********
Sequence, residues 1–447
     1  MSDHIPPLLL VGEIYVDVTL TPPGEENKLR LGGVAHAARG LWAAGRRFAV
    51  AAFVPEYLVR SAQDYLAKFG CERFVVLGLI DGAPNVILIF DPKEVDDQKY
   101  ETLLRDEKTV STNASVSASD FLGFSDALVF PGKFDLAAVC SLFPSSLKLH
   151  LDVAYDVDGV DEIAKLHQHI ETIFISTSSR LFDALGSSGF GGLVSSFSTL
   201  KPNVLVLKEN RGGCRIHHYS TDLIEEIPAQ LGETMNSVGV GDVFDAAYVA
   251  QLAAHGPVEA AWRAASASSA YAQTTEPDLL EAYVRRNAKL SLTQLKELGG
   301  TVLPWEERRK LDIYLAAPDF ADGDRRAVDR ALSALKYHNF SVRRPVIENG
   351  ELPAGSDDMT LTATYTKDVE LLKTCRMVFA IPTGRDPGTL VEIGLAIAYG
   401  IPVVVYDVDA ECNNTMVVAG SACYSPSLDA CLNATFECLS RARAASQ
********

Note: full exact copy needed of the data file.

Sequence, residues 1–447
     1  MSDHIPPLLL VGEIYVDVTL TPPGEENKLR LGGVAHAARG LWAAGRRFAV
    51  AAFVPEYLVR SAQDYLAKFG CERFVVLGLI DGAPNVILIF DPKEVDDQKY
   101  ETLLRDEKTV STNASVSASD FLGFSDALVF PGKFDLAAVC SLFPSSLKLH
   151  LDVAYDVDGV DEIAKLHQHI ETIFISTSSR LFDALGSSGF GGLVSSFSTL
   201  KPNVLVLKEN RGGCRIHHYS TDLIEEIPAQ LGETMNSVGV GDVFDAAYVA
   251  QLAAHGPVEA AWRAASASSA YAQTTEPDLL EAYVRRNAKL SLTQLKELGG
   301  TVLPWEERRK LDIYLAAPDF ADGDRRAVDR ALSALKYHNF SVRRPVIENG
   351  ELPAGSDDMT LTATYTKDVE LLKTCRMVFA IPTGRDPGTL VEIGLAIAYG
   401  IPVVVYDVDA ECNNTMVVAG SACYSPSLDA CLNATFECLS RARAASQ